Do soldiers use military terms in real life?

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This is maybe the one and only thing that’s not exaggerated in movies. In real life, it’s even worse. One thing every recruit in basic training has to pick up quickly is the “military speak”. The military slang is something every recruit learns quickly. It is a way of distinguishing between “us” and “them”, and also to create sense of belonging.

When I joined the German army, it surprised me how different the military terms were from what I’ve seen in the movies and read in novels. The barrel is called ”Rohr” and not “Lauf” as they say in the movies, and you say “gleiten” (gliding) instead of “kriechen” (crawling).

Some acronyms can have different meanings in another language. The acronym for the German Army’s Military Air Traffic Control, the “Militärische Flugsicherung” is MILF.

Additionally, every unit comes up with its own informal terminology. A new recruit, for example, was called a “Koffer” (suitcase) in my first unit, but “Muschi” (pussy) in my second one. They called them “suitcases” because in the first week, their name tags weren’t ready yet and the recruit had to wear a provisory name tag, like the ones you put on your luggage.

In the US Army, it’s even worse. The Americans love their acronyms. The term “Hummer”, or “Humvee”, for example, comes from the acronym HMMWV which stands for “High Mobility Multi-purpose Wheeled Vehicle”. Only in America! So I will say that military members (not just Soldiers) use military terms. While it’s no longer literally beaten into us, it is required that while in the military that we use military terms. For example, “Head” for a bathroom, “scuttlebutt” for a drinking fountain, etc.

Once we get out, you might think that we’d do away with it. And that might be true for someone who’s spent a single enlistment (or even two), but for the rest of us, it’s ingrained. I still say “Roger” when my supervisor gives me instructions. I still use “very respectfully” when I sign my emails (vs “thanks – which in my opinion, is unprofessional in the extreme – regardless of having been in the military), and I still shine my boots. (As an aside, I still wear steel toe. Given how often people burst through the door of the head, I’ve found that it’s a good idea to wear steel toe boots to prevent actual damage).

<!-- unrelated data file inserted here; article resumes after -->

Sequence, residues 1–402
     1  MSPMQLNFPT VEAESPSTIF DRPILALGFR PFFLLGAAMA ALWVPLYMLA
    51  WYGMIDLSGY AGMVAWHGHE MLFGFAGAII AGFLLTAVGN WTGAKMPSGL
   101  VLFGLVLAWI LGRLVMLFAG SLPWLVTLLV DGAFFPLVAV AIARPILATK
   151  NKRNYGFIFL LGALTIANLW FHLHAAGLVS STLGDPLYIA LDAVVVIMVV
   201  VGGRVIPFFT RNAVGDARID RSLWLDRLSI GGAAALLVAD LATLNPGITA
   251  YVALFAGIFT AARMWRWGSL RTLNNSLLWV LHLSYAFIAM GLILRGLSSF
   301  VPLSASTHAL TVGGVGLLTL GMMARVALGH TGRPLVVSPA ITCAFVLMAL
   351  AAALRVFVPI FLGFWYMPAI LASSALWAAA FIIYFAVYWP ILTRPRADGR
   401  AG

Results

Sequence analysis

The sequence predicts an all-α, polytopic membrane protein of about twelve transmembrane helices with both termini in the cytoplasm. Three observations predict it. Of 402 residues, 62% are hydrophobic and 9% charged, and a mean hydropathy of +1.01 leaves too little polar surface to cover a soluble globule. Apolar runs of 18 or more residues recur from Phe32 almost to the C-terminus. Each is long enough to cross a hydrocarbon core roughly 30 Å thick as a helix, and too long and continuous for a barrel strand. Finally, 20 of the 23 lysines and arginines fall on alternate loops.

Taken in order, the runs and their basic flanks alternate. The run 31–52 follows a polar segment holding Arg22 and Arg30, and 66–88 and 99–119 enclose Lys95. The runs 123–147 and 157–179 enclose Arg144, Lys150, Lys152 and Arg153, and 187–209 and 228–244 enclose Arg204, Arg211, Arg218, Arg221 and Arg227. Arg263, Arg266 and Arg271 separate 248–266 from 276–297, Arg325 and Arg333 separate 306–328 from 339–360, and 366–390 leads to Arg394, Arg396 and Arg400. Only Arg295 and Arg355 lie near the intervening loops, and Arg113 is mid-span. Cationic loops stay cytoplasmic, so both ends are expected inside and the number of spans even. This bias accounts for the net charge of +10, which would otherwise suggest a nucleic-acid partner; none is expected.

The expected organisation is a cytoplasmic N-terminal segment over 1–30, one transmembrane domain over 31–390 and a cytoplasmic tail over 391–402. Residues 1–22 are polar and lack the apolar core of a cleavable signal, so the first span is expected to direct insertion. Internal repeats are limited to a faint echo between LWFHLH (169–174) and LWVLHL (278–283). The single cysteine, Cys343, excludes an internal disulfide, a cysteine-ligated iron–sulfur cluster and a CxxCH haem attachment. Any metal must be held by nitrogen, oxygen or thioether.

For a lot of people who did extended bits in the military, the military was how they learned about adult life. It’s hard to divorce that from the civilian portion once a member has left the military and re-joined the civilian workforce. This, of course, is not even considering PTSD.

And of course, you can’t forget about Israel. I’d like to give a bit of a different angle on this question. My friend lives in a different country that has a bit of a different culture regarding this. For people living in Israel, army slang is used occasionally by just about everyone. It doesn’t matter if someone is in high school, after the army or a senior at work. It is pretty much ingrained in the way we speak, for some more than others, though.

The nature of the way they grow up, where everyone (including women) start getting ready to serve in the army in the middle of high school, means that all Israelians are all exposed to army slang (amongst everything else) very early.